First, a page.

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Grade 1-4-In 1932, a dog won the hearts of the people of Japan after a newspaper article described his loyalty to his owner. Every afternoon, Hachiko would wait at the train station for Dr. Ueno. After the man died suddenly in 1925, the animal returned to the station every day to wait for him, until his own death in 1935. A bronze statue was placed at Shibuya Station to honor this extraordinary canine, and a festival is held there every April. The story is told through the eyes of a young boy named Kentaro, and his imagined interactions with the dog make the events come alive as he worries about and befriends this special creature. Years later, he is saddened by the news of the animal's death. The softly hued watercolor illustrations have a simplicity that brings to mind the style of Japanese woodcuts. Each small image of Hachiko expresses the personality of this furry, gentle creature. An author's note clarifies "The Story behind the Story." This touching tale will capture the hearts of young dog lovers.
Carol Schene, Taunton Public Schools, MA
Copyright © Reed Business Information, a division of Reed Elsevier Inc. All rights reserved.
*Starred Review* Gr. 1-3. This small, square picture book pays tribute to one of the world's lesser-known animal heroes: Hachiko, a dog who kept vigil for nearly 10 years at a Tokyo train station, waiting for his deceased master to return from work. Turner unfolds this poignant true story in the natural, unaffected voice of Kentaro, a fictional little boy, who wonders at the dog's unswerving devotion. Unobtrusive details evoke a sense of place ("Ladies in kimonos walked carefully, trying to keep their white tabi socks away from the grime of the streets"), as does Nascimbene's spare line-and-watercolor artwork, reminiscent of Japanese woodblock prints. American children will find the scenes of kimono-clad women bustling alongside men in Western suits especially intriguing. Though Hachiko's eventual death may be upsetting to some (he dies at the station, "still waiting for Mr. Ueno"), the sad news is leavened by an ending that emphasizes his status as a furry folk hero in Tokyo, further elaborated in an afterword. This will resonate with any child who has loved a dog and been loved in return; for reading aloud to groups of older kids, pair the story with The Mightiest Heart (2003), a Welsh legend about another selfless hound. Jennifer Mattson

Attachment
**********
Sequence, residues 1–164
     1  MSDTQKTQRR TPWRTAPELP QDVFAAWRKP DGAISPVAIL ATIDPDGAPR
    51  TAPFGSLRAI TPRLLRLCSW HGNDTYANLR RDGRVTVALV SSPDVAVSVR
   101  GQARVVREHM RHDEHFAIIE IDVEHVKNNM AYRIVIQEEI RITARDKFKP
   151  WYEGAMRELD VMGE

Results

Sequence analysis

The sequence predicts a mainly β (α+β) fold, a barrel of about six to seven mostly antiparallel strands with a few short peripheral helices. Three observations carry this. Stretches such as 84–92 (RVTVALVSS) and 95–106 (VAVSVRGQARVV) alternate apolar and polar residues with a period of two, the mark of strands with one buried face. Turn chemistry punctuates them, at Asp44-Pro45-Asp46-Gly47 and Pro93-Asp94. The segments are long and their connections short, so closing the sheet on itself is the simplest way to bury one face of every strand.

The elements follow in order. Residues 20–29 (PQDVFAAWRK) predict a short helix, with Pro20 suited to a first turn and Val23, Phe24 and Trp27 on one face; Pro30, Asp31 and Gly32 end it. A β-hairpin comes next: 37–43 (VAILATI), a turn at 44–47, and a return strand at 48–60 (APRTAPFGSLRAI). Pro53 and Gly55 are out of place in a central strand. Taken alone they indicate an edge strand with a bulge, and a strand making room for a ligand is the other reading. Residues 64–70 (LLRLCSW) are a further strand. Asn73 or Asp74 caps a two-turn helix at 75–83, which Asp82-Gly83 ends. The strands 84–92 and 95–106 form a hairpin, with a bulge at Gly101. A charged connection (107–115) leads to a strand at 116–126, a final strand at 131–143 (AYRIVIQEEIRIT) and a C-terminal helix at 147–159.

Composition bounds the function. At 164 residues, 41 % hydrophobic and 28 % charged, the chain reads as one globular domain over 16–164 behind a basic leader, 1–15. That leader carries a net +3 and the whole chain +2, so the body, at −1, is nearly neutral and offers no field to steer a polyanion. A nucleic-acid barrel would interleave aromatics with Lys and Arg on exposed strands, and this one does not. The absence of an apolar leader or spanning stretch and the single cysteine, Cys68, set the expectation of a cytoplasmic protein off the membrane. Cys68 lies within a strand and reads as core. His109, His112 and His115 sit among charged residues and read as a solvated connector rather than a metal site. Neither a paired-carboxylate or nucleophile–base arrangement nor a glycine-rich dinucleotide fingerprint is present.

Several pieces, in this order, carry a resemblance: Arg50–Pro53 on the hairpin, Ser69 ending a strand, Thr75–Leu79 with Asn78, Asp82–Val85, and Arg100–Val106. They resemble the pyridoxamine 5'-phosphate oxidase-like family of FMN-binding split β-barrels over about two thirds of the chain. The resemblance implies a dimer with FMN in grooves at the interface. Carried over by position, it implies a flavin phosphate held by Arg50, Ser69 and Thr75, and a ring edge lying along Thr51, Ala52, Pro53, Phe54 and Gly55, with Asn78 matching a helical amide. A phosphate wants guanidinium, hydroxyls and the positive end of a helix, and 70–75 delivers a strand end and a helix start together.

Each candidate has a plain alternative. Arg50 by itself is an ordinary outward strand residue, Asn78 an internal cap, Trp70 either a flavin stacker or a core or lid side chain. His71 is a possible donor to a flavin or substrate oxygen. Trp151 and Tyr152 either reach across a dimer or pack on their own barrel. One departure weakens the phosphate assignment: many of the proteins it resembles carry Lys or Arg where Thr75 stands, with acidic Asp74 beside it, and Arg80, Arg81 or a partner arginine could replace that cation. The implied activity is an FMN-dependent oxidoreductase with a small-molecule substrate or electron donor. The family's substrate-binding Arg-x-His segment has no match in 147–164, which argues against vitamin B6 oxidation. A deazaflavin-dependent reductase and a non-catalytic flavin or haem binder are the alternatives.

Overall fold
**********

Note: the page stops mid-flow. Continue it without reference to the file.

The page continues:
Copyright © American Library Association. All rights reserved
Beautiful true story, nicely written. The children to whom I read it were definitely focused.Published 15 days ago by Sue C
This is such a sweet story that brought this adult reader to tears. This is a fabulous picture book based on a true story.Published 1 month ago by TXBride
this is a great book to compliment the video - for young readers or non-native late readers of englishPublished 2 months ago by Stephen Pellerine
this was a gift for my grandson. it is a beautiful story and can't wait to read it with him. it was delivered as promise.Published 4 months ago by Peg
I liked everything!the story was about hachiko and he followed his master and when his master died but he still come to the train station and then one day someone said that hachiko... Read morePublished 5 months ago by Duc Nguyen
I wanted my grandchildren to learn about this remarkable dog and how the Japanese still regard its loyalty and perserverence.Published 5 months ago by hughie
I loved this story, it made me and my family cry just knowing that it was truePublished 8 months ago by Leba Miracolo